House S08EP10 “Runaways”
On the next episode of House: an underage homeless patient (played by Jane Doe) needs a surgical procedure when her conditions worsen, but no one is available to give consent. She confesses that she ran away from her drug addict mother, but when Mom shows up at bedside, House’s team surmises that the situation may be deeper than they suspect. Meanwhile, some Foreman and Taub hijinks add some much needed comic relief. Will House’s “Yellow Albeo Anura” frog be up for the frog race? Back after the break with a disease recap and spoilers!
Our young runaway patient is avoiding her negligent mother, and has been doing pretty well on her own for a few years. Mom showed up at her hospital bed mid-way through the episode, and affirms that things weren’t great while she was actively parenting, but things weren’t all bad: how about that trip to Florida that we had? Jane Doe continues to worsen with all sorts of orifices spewing blood, until finally she loses consciousness mid-sentence, which House says is indicative of a cerebral aneurism bursting that he had warned about 15 minutes earlier. The only treatment that appeared to give any relief of the symptoms at all was some anti-inflammatory medication (steroid therapy).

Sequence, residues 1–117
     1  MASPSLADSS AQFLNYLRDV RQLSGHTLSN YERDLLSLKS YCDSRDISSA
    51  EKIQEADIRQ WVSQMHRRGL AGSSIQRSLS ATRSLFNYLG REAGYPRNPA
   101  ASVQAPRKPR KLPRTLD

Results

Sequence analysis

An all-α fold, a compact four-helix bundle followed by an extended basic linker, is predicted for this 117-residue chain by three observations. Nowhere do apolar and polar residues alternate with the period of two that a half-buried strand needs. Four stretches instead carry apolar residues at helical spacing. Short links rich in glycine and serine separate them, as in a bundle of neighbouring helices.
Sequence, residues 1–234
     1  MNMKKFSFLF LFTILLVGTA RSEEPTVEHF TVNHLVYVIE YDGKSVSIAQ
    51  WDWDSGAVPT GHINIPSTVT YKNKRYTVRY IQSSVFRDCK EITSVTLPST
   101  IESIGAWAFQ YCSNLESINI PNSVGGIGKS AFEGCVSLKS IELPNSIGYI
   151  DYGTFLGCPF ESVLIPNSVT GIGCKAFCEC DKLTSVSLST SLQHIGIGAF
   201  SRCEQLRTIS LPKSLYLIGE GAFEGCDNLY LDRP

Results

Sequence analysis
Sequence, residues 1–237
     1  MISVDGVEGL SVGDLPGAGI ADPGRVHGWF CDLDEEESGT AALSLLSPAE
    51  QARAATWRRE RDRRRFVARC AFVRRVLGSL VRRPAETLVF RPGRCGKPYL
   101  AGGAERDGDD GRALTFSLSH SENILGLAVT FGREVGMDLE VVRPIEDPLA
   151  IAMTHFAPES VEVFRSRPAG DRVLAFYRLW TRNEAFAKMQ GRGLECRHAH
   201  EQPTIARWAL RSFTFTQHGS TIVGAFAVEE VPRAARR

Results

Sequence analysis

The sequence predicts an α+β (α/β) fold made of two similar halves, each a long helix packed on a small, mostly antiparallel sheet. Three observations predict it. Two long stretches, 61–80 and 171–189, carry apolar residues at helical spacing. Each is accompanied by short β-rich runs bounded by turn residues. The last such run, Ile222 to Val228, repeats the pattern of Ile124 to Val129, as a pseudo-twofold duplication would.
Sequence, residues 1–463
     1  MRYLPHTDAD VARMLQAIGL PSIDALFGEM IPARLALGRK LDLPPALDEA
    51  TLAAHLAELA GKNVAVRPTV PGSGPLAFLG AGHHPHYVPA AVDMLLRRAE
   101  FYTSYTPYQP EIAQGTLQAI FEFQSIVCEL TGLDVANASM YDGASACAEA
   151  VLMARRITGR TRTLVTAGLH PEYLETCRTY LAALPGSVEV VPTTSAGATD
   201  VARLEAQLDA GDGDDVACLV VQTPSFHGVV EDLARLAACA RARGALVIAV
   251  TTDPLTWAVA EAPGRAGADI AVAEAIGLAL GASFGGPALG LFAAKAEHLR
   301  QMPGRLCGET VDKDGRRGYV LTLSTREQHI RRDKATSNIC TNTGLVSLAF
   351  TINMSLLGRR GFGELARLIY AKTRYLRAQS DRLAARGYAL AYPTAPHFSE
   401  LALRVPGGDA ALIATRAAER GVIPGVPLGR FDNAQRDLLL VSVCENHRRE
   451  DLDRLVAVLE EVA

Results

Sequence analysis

House’s final epiphany moment occurs when he places some significance on the mother’s earlier remark about the trip to Florida. At this point, he makes the final diagnosis of ascariasis: a systemic infection by roundworms that generally is asymptomatic and localized to the gastrointestinal system, but at times can become systemic and cause the myriad of symptoms seen in this episode. The disease is common worldwide, with estimates of about one quarter of the world’s population being infected with the parasite, mainly in Africa and Asia. In the United States, ascariasis is considered an endemic disease, with up to 4 million people mostly infected subclinically; these estimates are determined by examining sewage catchment basins for the presence of ascaris eggs.
Humans are the definitive host for Ascaris lumbricoides, and the worm requires a human host to complete its life cycle. The female can lay up to 200,000 eggs that get passed in the feces, and the eggs are very durable and can persist in the environment until taken back up orally into another host. Treated sewage used as fertilizer in agriculture can then spread viable eggs onto crops, which represents a major US risk factor for acquiring ascariasis.
If we were going to look for a particular quibble in the episode, I would put it at the point of diagnosis: House made the call of ascariasis purely based on the symptoms exhibited by the patient, whereas the definitive clinical laboratory diagnosis is made based on the presence of the worms identified in a fecal smear slide. The recommended treatment however (high dose mebendazole for up to 3 days) would have little in the way of serious side effects, and would resolve the infection if it is present rapidly.